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Costly Promises


According to a news report, the newly elected Congress government in Himachal Pradesh intends to rake in Rs 400 crores by raising VAT rates, another Rs 100 crores through ‘economy’ measures, and Rs 300 crores by ‘clamping down on corruption’ in the mining industry. All this is being done to get together the Rs 800 crores needed to fund the re-introduced Old Pension Plan for government employees. This is being touted as the government’s commitment to implementing its election promises, but the cost will be paid by the ordinary taxpayers.

Economists have warned against this tendency to promise a return to the old pension plan merely to get the support and votes of government employees, as it is very likely to bankrupt the state in the coming years. It is being claimed that the Congress won in Himachal because the government employees voted in its favour due to this promised largesse. While this promise has not worked in states like Gujarat and Uttarakhand, the chances are that it will be a favourite election ploy in the 2023 round of elections. Such is the desperation to win that unsustainable economics certain to harm the people in the future does not seem to deter the politicians.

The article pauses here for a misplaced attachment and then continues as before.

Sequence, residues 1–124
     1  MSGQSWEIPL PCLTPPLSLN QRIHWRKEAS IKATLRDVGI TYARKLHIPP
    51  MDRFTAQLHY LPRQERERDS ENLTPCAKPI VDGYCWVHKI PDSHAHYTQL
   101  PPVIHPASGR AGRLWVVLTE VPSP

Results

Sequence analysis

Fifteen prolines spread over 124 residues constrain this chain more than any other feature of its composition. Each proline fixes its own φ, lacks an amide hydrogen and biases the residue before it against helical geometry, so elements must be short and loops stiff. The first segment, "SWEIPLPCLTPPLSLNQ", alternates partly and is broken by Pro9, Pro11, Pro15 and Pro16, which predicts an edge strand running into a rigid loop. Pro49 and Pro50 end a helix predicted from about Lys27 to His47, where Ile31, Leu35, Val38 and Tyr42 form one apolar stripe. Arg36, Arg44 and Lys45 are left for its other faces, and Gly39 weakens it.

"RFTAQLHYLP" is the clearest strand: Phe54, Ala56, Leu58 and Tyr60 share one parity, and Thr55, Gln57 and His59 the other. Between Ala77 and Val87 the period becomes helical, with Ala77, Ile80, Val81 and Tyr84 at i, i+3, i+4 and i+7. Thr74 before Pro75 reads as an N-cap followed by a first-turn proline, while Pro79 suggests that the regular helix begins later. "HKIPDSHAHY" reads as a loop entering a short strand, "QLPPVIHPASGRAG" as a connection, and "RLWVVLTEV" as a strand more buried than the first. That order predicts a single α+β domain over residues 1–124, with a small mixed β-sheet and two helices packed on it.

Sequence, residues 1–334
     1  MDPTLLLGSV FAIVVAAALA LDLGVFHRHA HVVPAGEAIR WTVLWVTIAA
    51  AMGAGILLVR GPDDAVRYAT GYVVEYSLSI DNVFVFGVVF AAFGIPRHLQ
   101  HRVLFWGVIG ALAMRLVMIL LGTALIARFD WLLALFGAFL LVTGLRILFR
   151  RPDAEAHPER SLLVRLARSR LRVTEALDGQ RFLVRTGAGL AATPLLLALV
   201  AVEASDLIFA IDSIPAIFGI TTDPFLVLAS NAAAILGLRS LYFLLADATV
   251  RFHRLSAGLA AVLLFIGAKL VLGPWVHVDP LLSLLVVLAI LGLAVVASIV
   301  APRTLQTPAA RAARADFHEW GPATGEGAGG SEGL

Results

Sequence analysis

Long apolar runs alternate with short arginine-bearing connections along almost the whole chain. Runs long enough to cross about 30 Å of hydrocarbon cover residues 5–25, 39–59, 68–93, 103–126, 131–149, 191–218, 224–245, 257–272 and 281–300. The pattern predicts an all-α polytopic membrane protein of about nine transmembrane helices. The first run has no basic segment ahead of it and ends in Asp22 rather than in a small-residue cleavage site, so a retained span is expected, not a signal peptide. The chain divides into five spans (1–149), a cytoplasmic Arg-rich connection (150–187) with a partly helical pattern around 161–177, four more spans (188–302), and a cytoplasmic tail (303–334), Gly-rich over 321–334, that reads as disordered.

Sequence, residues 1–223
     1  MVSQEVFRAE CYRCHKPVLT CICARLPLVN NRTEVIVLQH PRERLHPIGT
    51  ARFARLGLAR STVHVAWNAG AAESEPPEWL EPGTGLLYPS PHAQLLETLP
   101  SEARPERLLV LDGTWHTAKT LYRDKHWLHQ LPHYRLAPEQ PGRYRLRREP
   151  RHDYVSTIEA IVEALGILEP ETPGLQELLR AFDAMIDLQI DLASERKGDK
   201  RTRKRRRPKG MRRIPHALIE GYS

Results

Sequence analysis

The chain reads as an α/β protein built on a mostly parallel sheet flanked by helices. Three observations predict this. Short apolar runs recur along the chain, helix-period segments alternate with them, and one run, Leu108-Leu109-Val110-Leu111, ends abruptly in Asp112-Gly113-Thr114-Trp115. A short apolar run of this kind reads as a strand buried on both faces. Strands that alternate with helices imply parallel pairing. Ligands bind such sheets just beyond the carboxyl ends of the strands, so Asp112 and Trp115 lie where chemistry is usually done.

The best way for a government to raise funds is to implement policies that boost the economy. This requires hard reforms that may hurt vested interests. This was the case with the attempts to reshape agricultural practices so that the farmer could benefit from modern day best practices. However, the entire nation saw how these were scuttled by farmers’ lobbies that are ‘addicted’ to various government subsidies. These subsidies are paid for, as usual, by the tax payer in direct and indirect ways. Free electricity and groundwater ensure that the long term impact on availability and prices will be severe, but those focused on short term political gains don’t care.

The Joshimath disaster is an example of how failing to consider the long term consequences can eventually catch up, with the ordinary people having to pay the price. This is exactly what will be the kind of result if populism becomes the dominant political creed – it will wreck the entire political system and lead to unmanageable social unrest. This can already be witnessed in many parts of the world at the present. India should avoid falling into this trap.